9. First of all, the story of this animated short almost made me cry, so fair warning. Because of the key plot action of the unraveling yarn, it feels natural for this story to be told with stop motion. I even think my immediate love and investment in the main characters is tied to seeing the real texture of these knit animals. I just want to hug them.
I’m not exactly sure how they achieved the unraveling of the dinosaur, but my assumption is that they had many different versions of him at different stages of unraveling that they used for different shots. Then when his head is unraveling while flying through the air I assume they just had it laying on something while shooting. I’m not sure if the background was added in with CG afterward or if the head is on a clear surface and the background was behind it being manipulated with each shot.
Once again I’m curious about what material was used for water. Maybe bunched up plastic wrap? I’m assuming, though, that the look of the fox being underwater was done with a lens or editing effect.
10. I love the inventive use of materials in this stop motion piece. Not only is it clever, but it really supports well the story idea of daydreaming about baking while studying. It’s like bringing a daydream to life but blurring the lines between reality and dream. I’m actually really impressed with the smooth movement of piping the letters on the cake. I’d imagine holding someone’s hand steady enough and staging it in exactly the right spot for each of the shots needed wasn’t the easiest.
With my research for inspiration, I began brainstorming ideas for what kind of story I’d like to tell using stop motion animation. Starting is always the hardest part, but I love a good story. I always enjoy storytelling that focuses on rather ordinary actions or experiences of life and makes them magical or more epic or uses them to symbolize something deeper or universal.
Stop motion animation always makes a story feel more magical if only because it brings to life things that aren’t living. So, with this in mind, I narrowed my thinking down to the ordinary, specifically life at home because this year we’ve all been spending more time on that than ever before. I figured that would make my end piece more relatable. After brainstorming I was able to come up with 2 ideas that I thought deserved further development.
Non-Linear Story: “Home Made”
“Home Made” is the story of the autonomous kitchen that we all at some point wish we had. Inspired by my love for my boyfriend’s chocolate chip cookies and constant sadness at the lack of an endless supply, I concocted this idea of a team of kitchen gadgets and ingredients that swings into action to replenish a homeowner’s favorite treats. As a result of their efforts, the story ends right where it begins, with a full plate of cookies. This gives the story a non-linear structure in book ending form.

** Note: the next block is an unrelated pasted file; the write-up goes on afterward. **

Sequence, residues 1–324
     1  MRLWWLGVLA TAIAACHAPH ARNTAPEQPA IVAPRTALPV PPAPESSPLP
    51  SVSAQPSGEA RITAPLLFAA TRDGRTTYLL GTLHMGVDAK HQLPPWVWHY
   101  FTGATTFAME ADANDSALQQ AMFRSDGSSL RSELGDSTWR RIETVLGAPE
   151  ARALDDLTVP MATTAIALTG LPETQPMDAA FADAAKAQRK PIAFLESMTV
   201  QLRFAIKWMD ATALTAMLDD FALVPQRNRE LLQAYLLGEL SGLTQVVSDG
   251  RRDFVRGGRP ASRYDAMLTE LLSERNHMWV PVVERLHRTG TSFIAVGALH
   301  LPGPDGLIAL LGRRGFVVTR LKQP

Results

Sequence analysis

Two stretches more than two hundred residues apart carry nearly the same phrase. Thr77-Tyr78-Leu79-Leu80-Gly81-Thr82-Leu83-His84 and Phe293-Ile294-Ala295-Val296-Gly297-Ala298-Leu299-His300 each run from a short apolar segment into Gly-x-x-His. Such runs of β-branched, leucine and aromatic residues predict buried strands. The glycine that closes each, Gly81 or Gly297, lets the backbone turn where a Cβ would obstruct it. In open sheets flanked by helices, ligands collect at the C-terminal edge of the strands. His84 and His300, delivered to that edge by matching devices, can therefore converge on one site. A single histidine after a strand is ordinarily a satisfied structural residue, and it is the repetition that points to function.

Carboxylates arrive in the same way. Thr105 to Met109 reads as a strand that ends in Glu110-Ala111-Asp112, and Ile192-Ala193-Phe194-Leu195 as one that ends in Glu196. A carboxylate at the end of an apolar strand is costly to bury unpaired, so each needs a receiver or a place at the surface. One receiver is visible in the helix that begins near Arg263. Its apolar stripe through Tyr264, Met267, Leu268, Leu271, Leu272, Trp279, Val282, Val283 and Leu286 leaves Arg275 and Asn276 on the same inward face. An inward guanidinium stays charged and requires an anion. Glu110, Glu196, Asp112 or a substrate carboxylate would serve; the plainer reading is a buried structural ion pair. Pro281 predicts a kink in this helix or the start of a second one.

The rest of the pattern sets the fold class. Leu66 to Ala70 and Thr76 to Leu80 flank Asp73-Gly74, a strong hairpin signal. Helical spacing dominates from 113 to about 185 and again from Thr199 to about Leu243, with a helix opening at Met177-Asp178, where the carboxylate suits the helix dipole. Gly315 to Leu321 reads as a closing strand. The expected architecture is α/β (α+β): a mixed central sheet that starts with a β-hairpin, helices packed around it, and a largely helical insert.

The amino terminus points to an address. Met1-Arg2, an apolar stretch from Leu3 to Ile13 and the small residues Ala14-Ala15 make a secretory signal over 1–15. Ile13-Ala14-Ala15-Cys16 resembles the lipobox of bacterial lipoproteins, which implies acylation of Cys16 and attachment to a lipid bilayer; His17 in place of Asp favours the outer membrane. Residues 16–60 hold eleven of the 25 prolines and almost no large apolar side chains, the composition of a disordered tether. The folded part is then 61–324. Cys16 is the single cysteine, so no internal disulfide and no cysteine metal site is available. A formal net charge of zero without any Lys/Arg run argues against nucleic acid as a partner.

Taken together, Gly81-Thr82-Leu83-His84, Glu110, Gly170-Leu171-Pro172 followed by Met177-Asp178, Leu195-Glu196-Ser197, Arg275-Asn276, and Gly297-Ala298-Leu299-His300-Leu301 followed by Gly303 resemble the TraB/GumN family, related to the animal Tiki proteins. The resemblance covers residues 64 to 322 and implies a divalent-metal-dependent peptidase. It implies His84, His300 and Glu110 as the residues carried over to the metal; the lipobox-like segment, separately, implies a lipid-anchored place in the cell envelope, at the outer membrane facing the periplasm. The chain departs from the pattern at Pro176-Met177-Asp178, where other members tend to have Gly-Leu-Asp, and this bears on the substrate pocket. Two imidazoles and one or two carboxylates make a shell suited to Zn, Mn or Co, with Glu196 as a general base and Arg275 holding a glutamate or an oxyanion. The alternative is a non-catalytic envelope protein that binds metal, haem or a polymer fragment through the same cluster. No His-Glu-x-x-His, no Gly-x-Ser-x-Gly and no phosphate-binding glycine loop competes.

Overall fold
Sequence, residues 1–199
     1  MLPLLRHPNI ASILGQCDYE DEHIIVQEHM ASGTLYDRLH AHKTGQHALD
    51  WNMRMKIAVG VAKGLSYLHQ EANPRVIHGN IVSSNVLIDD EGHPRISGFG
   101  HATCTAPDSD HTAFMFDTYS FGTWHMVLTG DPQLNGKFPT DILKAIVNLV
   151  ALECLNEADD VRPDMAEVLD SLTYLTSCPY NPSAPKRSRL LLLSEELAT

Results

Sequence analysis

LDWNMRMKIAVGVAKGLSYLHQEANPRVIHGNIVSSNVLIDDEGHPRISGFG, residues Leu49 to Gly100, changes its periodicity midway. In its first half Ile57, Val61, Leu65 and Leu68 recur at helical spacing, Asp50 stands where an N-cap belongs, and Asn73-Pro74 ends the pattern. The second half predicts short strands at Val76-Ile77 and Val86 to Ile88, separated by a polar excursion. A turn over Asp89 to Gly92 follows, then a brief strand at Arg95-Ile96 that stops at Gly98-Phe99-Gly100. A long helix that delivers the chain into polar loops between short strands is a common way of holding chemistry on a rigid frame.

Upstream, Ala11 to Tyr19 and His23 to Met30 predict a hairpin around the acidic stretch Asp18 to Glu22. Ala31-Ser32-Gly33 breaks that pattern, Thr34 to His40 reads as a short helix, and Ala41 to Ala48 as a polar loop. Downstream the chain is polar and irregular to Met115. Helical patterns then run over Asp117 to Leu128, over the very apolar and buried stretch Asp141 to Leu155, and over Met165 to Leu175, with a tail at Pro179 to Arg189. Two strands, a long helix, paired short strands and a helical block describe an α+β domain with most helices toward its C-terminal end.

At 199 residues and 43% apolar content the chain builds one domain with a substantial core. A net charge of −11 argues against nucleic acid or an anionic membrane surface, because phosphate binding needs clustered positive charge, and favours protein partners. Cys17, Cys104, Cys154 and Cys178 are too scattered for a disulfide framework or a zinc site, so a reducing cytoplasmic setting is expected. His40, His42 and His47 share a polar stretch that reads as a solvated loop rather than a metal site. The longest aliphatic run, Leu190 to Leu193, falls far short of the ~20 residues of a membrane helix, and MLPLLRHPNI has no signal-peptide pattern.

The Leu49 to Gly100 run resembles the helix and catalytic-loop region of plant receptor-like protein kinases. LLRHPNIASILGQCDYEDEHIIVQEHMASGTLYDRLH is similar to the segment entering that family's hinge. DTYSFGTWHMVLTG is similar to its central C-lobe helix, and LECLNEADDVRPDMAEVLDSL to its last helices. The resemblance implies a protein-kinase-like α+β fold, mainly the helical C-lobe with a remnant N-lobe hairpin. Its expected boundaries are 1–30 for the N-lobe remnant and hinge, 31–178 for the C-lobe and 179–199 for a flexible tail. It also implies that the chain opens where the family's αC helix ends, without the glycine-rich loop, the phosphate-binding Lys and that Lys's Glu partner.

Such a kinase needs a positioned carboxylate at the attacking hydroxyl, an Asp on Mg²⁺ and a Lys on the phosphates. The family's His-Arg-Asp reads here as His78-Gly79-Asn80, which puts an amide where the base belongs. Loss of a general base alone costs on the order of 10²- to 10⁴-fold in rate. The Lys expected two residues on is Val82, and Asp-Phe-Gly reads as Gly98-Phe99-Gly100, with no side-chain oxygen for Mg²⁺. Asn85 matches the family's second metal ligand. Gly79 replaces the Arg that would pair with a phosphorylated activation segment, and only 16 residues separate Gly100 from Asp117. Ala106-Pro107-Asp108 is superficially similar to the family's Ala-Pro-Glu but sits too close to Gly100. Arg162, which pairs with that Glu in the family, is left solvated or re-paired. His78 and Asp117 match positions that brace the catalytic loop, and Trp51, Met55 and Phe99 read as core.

I wanted this story to be a cross between the visuals of a baking how-to video and the character relationships of a “Toy Story”-esque world. I tried to create a sense of character and hierarchy in the animated objects while maintaining plenty of shots of the baking process. My bright purple spatula immediately came to mind as my story’s star and the responsible leader of the team who directs all the action with a few side-to-side shakes.
Since I kept picturing the objects in my kitchen when thinking of this story I decided using real-world objects and shooting in a kitchen might be the right direction. My storyboards were drawn based on my own kitchen, presumably the filming location.
I’m a little concerned, though, that this choice may be too time-intensive in the production phase to do well in the time allotted for it. Shooting an entire room may require a good deal of effort in terms of lighting and set dressing and the number of shots I’ve developed in my storyboards may require a lot of time for camera set up and framing.
Linear Story: “A Bigger Purr-pose
My second story idea came a little bit from personal experience and from hearing about others’ experiences with pets during the early days of staying at home during the COVID-19 pandemic. Our pets were suddenly thrust into being our constant companions. On one hand they were a lifeline for mental health and companionship in a lonely stressful time, but on the other, their– especially cats’ – annoyance or confusion at our constant presence became a common topic of conversation.
“A Bigger Purr-pose” tells the story of a cat experiencing and adjusting to their owner suddenly being home all the time and the complications of this new situation. It’s told in a traditional three-act linear structure. First, the cat and its routine are introduced. Then the routine is interrupted by the owner’s need to work from the cat’s favorite napping spot and the cat must deal with the obstacles to its preferred lazy lifestyle. Finally, the cat realizes that happiness in life is about more than just naps and works out a compromise to support its owner and still enjoy some of the lazy life.